Abramowitz didn't ask what kind of scholarship MLA considers worthy. The 1989 convention produced papers titled "Literary and Critical Theory from Lesbian Perspectives" and "The Muse of Masturbation." One wonders what this year produced.

HEALTH HYPE. If health care is the issue, then more government is NBC's answer. As part of Today's week-long "State of America" series, Robert Hager reported on January 23: "This is a nation aware it has a problem providing health care but not quite sure how to do it. But it has to do something. Dr. Sidney Wolfe of Public Citizen Health Research Group warns of disaster." As a loyal employee of Ralph Nader, Dr. Wolfe predicted: "Our health care system is going to be bankrupt by 1997, when the Commerce Department estimates we'll be spending a trillion, almost a trillion and a half dollars."

Hager continued: "Many have suggested we look to Canada, which has a national system of care. No Blue Cross, no private insurance. There is one insurer, the Canadian government. Canada spends forty percent less per person for health care than we do. The lines are not long and Canadians visit their doctors more than we do."

But in a January 26 Washington Times article titled "Canadian System Near Financial Abyss," reporter Joyce Price found, "As many members of Congress are pointing to Canada's health plan as a model for the United States, Toronto health management consultant Fred Holmes says the system is on the verge of financial collapse." Holmes told Price: "Medicare in Canada is poised to disintegrate due to the enormous costs...Even if it were fiscally sound...he doubts most Americans would be willing to accept the average six-month waits for coronary bypass surgery or hernia repair."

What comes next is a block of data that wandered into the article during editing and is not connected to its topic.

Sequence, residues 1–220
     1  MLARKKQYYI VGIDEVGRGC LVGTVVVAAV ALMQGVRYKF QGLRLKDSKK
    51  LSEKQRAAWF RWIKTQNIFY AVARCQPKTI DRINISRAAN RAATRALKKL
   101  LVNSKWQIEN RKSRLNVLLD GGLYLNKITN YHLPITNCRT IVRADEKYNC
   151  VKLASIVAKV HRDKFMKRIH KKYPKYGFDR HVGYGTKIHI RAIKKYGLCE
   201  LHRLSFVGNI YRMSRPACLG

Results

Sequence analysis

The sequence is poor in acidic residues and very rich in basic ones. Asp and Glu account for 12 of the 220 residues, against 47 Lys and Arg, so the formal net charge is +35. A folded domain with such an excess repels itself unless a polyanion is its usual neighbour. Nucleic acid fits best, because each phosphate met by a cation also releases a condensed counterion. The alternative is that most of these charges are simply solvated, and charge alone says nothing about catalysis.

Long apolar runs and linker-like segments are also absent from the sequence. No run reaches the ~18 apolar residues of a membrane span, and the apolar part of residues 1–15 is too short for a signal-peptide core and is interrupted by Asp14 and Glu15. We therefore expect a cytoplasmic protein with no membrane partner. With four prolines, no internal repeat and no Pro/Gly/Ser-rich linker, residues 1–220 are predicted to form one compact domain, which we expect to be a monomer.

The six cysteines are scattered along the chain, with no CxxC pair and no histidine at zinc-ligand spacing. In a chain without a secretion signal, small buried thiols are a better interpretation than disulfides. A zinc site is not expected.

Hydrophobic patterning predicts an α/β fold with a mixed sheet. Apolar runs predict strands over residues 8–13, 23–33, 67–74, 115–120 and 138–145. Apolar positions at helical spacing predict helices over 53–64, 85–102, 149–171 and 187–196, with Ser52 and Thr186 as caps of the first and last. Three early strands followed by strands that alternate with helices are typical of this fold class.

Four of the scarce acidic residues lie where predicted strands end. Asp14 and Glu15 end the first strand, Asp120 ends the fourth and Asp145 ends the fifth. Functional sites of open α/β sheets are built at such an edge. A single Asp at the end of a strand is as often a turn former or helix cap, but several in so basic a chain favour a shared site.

BETTER IN EL SALVADOR? On Today January 22, co-host Bryant Gumbel and reporter George Lewis teamed up to discredit the conservative economic policies of the 1980s. "In the Reagan years economic erosion set in, so much so that the middle class now finds itself in ever deepening trouble," Gumbel began. Lewis then aired sound-bites of Democratic candidates Bill Clinton, Robert Kerrey and Tom Harkin, liberal economist Philip Mattera and "conservative columnist" Kevin Phillips. President Bush got one sentence.

Lewis talked with a woman who immigrated from El Salvador, but "when the defense plant where Elena had been working laid her off, she had to take a lower paying job," a problem Lewis called "typical." Lewis noted that she now wants to return to El Salvador, prompting him to conclude with this gem: "A definite measure of middle class discontent -- when people in America begin talking about El Salvador as the land of opportunity."